Exclusive Use And Possession Of The Marital Home

Exclusive Use And Possession Of The Marital Home

Are you getting a divorce and the most significant issue in the case is the exclusive use and possession of the marital home? This is a major issue for spouses and parents that have always lived in the marital home with their children, and a massive issue when the primary timesharing parent lives in the marital residence and cannot afford to move to another place. If you need help fighting for or defending against a claim for exclusive use and possession of the marital home call the Jacobs Law Firm, divorce attorney Clermont Florida, divorce attorney Orlando. We can help you file the appropriate motion and resolve your issue.

We begin our analysis of exclusive use and possession of the marital home with the bedrock principle of equitable distribution as provided by Florida Statute 61.075(1), which states: “Distribution of marital assets and liabilities, including the marital residence, begins with the premise of equal distribution unless there is justification for unequal distribution under statutory factors.” Martin v. Martin, 959 So. 2d 803 (Fla. 1st DCA 2007). Of course, there is such a thing as unequal distribution of marital property, but our focus here is the marital home you may have purchased prior to the marriage. This goes to whether the party that wants to stay in the marital residence can afford to pay the bills enabling them to live there during the pendency of the divorce and/or after equitable distribution has occurred.

Minor Children and Exclusive Use And Possession Of The Marital Home

Case law and statutory law suggest that the general manner in which this issue is decided is that a family law trial court “should award the primary residential parent exclusive use and possession of the marital residence until the youngest child reaches majority or is emancipated, or the primary residential parent remarries, unless there are special circumstances; special circumstances exist where the parties’ incomes are inadequate to meet their debts, obligations, and normal living expenses, as well as the expenses of maintaining the marital residence. Coristine v. Coristine, 53 So. 3d 1204 (Fla. 5th DCA 2011).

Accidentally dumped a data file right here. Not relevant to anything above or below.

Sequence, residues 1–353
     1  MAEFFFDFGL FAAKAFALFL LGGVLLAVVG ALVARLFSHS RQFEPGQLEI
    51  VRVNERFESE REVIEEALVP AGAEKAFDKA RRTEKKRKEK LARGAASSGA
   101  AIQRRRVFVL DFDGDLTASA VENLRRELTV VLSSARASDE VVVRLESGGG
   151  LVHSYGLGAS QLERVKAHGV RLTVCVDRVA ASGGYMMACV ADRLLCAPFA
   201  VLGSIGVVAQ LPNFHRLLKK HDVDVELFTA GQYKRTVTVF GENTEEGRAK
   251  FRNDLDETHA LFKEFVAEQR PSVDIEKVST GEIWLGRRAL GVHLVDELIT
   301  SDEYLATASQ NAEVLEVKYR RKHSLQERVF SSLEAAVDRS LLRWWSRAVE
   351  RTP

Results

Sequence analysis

In basic terms, this means that child custody/timesharing looms even larger as an issue in divorce and family law cases. Also in the Coristine case (which is binding in the Fifth DCA), the higher court ruled the trial court made the right decision when it ordered the sale and partition of marital home, rather than awarding exclusive use and possession of home to wife until youngest of the parties’ three children reached age of majority…[because the] parties did not have financial capability to pay mortgage, taxes, and other costs related to ownership of marital residence.” Id. at 1204. This makes sense from an objective perspective.

Exclusive use and possession of the marital home

If neither party can afford to pay for insurance, property taxes, and the mortgage, why would the court sanction one party staying there to the financial detriment of everyone? The other perspective is also convincing. Why would the court allow parents and children to be judicially compelled to leave their home where they have always lived and where the school district is located? These are complicated family legal issues.

Domestic Violence Exclusive Use and Possession of the Marital Home

There is one additional circumstance that may add texture to the argument over which party will obtain use of the marital home temporarily or permanently. If there has been a domestic violence injunction, the court may order one parent or one spouse to have exclusive use and possession of the marital residence. This issue is often further litigated and contested if an action for dissolution of marriage is concurrently or subsequently filed.

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